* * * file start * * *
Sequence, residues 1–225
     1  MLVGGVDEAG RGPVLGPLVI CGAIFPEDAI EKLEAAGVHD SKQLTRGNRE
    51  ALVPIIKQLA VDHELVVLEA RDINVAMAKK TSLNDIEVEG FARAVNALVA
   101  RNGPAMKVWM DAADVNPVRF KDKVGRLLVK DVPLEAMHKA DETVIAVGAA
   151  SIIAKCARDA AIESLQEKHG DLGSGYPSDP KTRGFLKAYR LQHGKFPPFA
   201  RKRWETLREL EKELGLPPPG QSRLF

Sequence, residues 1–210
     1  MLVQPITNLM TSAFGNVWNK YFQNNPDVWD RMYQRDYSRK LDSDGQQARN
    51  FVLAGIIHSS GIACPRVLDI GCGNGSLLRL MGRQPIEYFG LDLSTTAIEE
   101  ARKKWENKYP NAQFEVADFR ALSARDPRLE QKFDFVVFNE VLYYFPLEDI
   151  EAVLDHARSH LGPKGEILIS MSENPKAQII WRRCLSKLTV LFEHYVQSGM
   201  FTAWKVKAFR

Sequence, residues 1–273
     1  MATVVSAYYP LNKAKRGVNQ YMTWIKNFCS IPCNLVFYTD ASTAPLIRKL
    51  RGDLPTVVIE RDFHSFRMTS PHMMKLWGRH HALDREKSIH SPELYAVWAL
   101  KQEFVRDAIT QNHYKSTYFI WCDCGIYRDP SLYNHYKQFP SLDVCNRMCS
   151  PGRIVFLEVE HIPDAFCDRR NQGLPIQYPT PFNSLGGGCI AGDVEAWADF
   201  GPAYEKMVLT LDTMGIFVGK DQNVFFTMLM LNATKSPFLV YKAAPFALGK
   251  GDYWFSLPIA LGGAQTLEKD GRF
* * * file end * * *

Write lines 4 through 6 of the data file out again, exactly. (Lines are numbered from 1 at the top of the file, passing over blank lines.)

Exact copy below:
   101  RNGPAMKVWM DAADVNPVRF KDKVGRLLVK DVPLEAMHKA DETVIAVGAA
   151  SIIAKCARDA AIESLQEKHG DLGSGYPSDP KTRGFLKAYR LQHGKFPPFA
   201  RKRWETLREL EKELGLPPPG QSRLF